Independence – Caregivers must walk a fine line on the issue of independence. On the one hand, we want to help our person with dementia (PWD) and keep them safe. On the other hand, we don’t want to limit our PWD from doing things they can do for themselves. The matter of independence often boils down to two underlying issues caregivers need to monitor, safety and frustration.
Situation #1 – the PWD who has been getting lost frequently decides to walk to a store a few blocks away.
“You can’t walk to the store anymore. I’m tired of having to look for you when you get lost.” Nothing gets a person’s back up more than being told they can’t do what they think they can do, and what they want to do.
“I need to go to the store too. Let’s go this afternoon.” The caregiver may not be able to drop everything and go when the PWD wants to. Often, the suggestion that they’ll go together later will be enough to redirect the PWD for the moment. The caregiver may have to give that same answer many times until the trip is completed.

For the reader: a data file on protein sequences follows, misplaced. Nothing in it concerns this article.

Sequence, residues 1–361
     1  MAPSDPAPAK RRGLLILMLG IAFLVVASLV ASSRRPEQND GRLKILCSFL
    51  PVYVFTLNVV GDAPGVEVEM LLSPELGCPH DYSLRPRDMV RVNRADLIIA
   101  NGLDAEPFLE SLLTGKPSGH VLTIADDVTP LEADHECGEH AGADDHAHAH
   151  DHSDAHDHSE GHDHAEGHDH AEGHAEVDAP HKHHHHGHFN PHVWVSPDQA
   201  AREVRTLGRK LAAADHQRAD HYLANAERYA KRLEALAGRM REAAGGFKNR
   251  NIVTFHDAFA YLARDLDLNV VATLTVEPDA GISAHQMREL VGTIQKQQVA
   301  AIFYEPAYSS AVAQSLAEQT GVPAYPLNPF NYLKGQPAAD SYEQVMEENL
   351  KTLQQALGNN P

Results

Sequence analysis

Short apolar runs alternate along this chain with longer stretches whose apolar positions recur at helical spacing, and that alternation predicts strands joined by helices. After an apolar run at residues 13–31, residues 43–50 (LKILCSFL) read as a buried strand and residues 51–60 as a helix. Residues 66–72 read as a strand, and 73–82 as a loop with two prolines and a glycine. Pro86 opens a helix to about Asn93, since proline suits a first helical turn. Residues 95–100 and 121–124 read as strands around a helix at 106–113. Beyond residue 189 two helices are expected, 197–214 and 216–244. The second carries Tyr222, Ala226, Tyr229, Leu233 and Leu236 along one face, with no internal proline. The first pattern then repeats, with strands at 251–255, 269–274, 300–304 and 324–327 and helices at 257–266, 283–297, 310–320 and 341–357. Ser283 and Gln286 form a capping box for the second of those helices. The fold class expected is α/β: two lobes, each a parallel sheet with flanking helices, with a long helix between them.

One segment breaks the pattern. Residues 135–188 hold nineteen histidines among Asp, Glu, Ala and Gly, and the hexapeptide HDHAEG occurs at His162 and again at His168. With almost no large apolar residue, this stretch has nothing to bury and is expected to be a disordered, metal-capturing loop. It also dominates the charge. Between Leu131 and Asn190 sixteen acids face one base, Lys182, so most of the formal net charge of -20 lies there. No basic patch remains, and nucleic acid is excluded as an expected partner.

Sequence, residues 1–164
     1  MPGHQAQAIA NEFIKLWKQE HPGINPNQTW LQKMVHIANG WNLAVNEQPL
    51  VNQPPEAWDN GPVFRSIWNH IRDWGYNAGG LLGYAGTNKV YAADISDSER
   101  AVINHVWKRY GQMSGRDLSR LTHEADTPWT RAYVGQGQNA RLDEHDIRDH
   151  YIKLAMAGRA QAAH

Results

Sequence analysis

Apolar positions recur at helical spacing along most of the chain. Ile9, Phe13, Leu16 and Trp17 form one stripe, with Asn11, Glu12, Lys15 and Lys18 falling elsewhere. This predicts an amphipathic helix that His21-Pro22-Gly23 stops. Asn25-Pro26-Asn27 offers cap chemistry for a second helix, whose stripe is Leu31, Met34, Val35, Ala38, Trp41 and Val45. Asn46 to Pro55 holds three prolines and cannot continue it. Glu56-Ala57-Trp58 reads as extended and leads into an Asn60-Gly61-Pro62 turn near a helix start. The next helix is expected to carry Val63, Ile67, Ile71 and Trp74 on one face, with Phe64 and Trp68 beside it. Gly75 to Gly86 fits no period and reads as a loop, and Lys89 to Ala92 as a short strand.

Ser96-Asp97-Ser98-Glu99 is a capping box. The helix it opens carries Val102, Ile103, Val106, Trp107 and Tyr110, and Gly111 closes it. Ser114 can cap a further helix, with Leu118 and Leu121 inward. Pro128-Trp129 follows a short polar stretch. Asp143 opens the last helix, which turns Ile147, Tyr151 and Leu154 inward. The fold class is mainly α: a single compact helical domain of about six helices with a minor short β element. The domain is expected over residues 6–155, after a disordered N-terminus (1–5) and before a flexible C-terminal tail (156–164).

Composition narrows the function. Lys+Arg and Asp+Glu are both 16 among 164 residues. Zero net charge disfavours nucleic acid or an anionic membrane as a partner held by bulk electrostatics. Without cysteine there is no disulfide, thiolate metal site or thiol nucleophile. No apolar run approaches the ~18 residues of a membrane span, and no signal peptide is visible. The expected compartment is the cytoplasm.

Situation #2 – the PWD is trying to use an electric can opener without success and is getting frustrated.
“Why can’t you do that? Just put the can like this. How hard was that?” The caregiver opens the can. The PWD is left feeling inadequate and frustrated.
“That can might be dented, let me hold it while you push the handle down. I’ve had this happen before.” The caregiver gave a logical explanation for the problem and assisted the PWD to finish the job.